Research Grants/Fellowships/SBIR

A Novel Technology for the Treatment of Wastewater Using a Ubiquitous Chitosan Matrix With Varying Active Components

EPA Grant Number: FP917515
Title: A Novel Technology for the Treatment of Wastewater Using a Ubiquitous Chitosan Matrix With Varying Active Components
Investigators: Yamani, Jamila Saifee
Institution: Yale University
EPA Project Officer: Zambrana, Jose
Project Period: August 1, 2012 through July 31, 2015
Project Amount: $126,000
RFA: STAR Graduate Fellowships (2012) RFA Text |  Recipients Lists
Research Category: Academic Fellowships , Fellowship - Environmental Engineering



Industrial manufacturing and mining processes produce wastewaters that are laden with a variety of heavy metal contaminants. As these metal solutions are released into the environment, there is a high potential for contamination of surface and ground water, which can serve as the primary drinking water source for many communities as well as the basis for ecological habitats. The proposed research intends to leverage a novel adsorbent design as a sustainable platform technology for the removal of multiple metal contaminants from aqueous systems.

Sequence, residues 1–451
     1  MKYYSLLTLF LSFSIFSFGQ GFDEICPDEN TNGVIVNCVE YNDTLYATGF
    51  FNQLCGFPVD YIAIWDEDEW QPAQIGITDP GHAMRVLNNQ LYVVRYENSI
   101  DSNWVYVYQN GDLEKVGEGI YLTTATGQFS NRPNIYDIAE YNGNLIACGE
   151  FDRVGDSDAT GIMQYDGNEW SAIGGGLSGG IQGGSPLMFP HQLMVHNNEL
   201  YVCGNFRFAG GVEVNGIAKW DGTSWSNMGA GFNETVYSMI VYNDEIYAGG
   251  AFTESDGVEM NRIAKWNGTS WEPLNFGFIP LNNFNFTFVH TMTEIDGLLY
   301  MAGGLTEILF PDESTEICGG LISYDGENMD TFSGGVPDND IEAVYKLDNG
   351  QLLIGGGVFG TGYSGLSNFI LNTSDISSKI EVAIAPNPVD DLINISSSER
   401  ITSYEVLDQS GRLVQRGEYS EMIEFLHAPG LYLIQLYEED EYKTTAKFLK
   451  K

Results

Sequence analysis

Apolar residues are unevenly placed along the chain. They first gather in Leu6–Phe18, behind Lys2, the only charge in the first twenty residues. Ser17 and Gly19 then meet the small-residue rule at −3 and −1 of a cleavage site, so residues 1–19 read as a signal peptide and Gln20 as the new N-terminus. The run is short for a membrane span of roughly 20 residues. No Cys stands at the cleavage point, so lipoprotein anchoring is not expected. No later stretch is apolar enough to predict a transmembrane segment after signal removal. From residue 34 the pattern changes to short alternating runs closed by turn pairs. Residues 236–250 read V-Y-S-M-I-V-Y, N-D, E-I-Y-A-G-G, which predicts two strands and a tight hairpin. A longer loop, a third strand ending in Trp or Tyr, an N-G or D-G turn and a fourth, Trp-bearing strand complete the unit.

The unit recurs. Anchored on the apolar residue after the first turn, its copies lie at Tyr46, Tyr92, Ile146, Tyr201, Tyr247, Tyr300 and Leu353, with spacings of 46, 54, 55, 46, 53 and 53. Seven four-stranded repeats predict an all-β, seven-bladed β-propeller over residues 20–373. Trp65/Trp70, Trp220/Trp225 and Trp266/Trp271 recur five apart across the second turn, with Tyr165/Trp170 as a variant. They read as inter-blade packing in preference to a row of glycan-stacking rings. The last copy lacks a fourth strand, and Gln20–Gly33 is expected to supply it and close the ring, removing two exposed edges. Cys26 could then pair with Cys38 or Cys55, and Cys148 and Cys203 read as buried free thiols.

The first stage of optimization of this chitosan-based metal remediation technology is the step-wise integration of active adsorbents (i.e., nanocrystalline metal oxides) into the chitosan matrix and assessment of the removal of co-existing heavy metal contaminants from aqueous solution. The evaluation of other ligand-metal complexes that are compatible with the current design will follow. Finally, relevant matrix/ligand characteristics, system design and operating parameters will be optimized for implementation.

Expected Results:

The chitosan-based adsorbent, termed metal-oxide impregnated chitosan beads (MICB), of varying composition successfully will remediate aqueous solutions with a variety of metal contaminants with efficiencies comparable to those of neat nanopowder. The production process will make use of benign materials, and treatment of contaminated water will require minimal energy input. Rapid small-scale column tests using MICB will be instrumental in constructing a large-scale prototype for practical applications.

Potential to Further Environmental/Human Health Protection

The ultimate goal of this research is to implement a ubiquitous and sustainable heavy metal remediation technology to offset the risks posed by wastewater runoff from anthropogenic practices. Although many technologies for specific metal remediation already exist, there is no single technology that addresses a large variety of related contaminants. Widescale use of a simple, sustainable technology is key to successful remediation of these contaminated streams and recovery of the disturbed human communities and ecological habitats.

Supplemental Keywords:

heavy metal contaminants, water, sustainable